On 5 May 2016, the First-tier Tribunal in McQuillan v HMRC6 held (in an appeal against the disallowance of a claim for entrepreneurs’ relief) that shares carrying no dividend rights could be regarded as shares carrying rights to a fixed dividend of zero per cent. As a result, such shares were excluded from the definition of “ordinary share capital” used in the conditions for entrepreneurs’ relief eligibility (and also in other parts of UK tax legislation). Accordingly  the appellants were eligible for entrepreneurs’ relief as (ignoring the shares in question) they exceeded the threshold of a holding of 5% of ordinary share capital in the company concerned.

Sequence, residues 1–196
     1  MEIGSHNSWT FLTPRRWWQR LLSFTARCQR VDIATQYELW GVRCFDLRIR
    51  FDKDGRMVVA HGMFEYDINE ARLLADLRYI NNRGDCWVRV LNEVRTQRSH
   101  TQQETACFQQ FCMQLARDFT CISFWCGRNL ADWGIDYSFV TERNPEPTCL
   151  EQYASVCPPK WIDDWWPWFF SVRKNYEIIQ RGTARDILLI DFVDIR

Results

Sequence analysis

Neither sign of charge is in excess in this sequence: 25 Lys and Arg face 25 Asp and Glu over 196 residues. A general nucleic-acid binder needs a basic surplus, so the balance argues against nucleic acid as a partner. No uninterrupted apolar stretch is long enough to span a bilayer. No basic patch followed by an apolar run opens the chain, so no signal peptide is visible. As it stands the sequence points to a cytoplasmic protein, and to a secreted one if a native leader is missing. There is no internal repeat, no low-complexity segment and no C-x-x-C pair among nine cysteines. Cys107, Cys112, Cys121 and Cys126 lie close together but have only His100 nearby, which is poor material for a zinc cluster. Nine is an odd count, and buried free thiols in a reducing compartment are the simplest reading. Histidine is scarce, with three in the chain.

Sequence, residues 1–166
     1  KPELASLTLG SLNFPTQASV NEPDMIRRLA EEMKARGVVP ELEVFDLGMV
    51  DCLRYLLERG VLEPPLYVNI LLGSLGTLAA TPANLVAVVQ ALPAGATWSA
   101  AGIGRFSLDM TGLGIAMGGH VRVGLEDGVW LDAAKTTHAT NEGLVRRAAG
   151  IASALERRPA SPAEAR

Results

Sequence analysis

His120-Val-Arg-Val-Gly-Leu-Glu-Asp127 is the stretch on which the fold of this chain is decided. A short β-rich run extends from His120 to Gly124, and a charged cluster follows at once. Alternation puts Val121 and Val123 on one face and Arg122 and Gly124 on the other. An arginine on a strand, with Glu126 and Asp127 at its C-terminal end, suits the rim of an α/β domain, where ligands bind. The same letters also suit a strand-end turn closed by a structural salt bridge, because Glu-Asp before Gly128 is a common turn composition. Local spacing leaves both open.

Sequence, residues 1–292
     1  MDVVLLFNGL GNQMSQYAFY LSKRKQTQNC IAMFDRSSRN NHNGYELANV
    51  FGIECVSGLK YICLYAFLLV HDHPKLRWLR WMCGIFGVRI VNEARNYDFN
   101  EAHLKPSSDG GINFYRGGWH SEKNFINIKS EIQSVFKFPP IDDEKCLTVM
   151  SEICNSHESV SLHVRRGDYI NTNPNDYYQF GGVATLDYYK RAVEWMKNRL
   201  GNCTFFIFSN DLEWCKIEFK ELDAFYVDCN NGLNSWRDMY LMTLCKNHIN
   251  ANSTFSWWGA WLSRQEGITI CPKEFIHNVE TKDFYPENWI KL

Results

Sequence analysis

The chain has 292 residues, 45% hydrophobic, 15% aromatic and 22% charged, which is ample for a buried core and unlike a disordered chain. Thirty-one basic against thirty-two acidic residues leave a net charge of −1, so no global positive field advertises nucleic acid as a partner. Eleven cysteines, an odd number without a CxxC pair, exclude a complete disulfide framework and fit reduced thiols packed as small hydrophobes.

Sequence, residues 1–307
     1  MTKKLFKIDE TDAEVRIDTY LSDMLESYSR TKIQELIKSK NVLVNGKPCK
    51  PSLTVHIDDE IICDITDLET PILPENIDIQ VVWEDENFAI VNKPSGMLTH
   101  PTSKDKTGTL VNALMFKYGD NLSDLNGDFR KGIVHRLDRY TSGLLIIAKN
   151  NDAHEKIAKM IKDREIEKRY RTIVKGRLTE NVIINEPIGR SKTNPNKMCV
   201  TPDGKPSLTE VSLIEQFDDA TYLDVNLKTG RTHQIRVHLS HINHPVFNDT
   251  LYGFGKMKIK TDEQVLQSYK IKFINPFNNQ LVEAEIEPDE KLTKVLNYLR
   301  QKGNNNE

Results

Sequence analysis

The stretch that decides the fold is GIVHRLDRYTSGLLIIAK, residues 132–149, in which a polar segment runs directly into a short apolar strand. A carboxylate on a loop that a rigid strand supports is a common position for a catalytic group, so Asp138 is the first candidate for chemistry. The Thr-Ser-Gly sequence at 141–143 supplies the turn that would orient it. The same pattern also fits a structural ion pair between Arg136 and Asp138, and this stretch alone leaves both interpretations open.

As well as contradicting published HMRC guidance, this decision also follows the decision of the First-tier Tribunal in Castledine (see our last update, here, for a summary of this case). The two decisions, by differently-constituted Tribunals, are hard to reconcile. It remains to be seen whether HMRC appeal this latest decision but, in the meantime, there is fresh confusion as to

this aspect of the entrepreneurs’ relief rules (and, indeed, other parts of the tax legislation using the “ordinary share capital” definition).

The decision can be viewed here.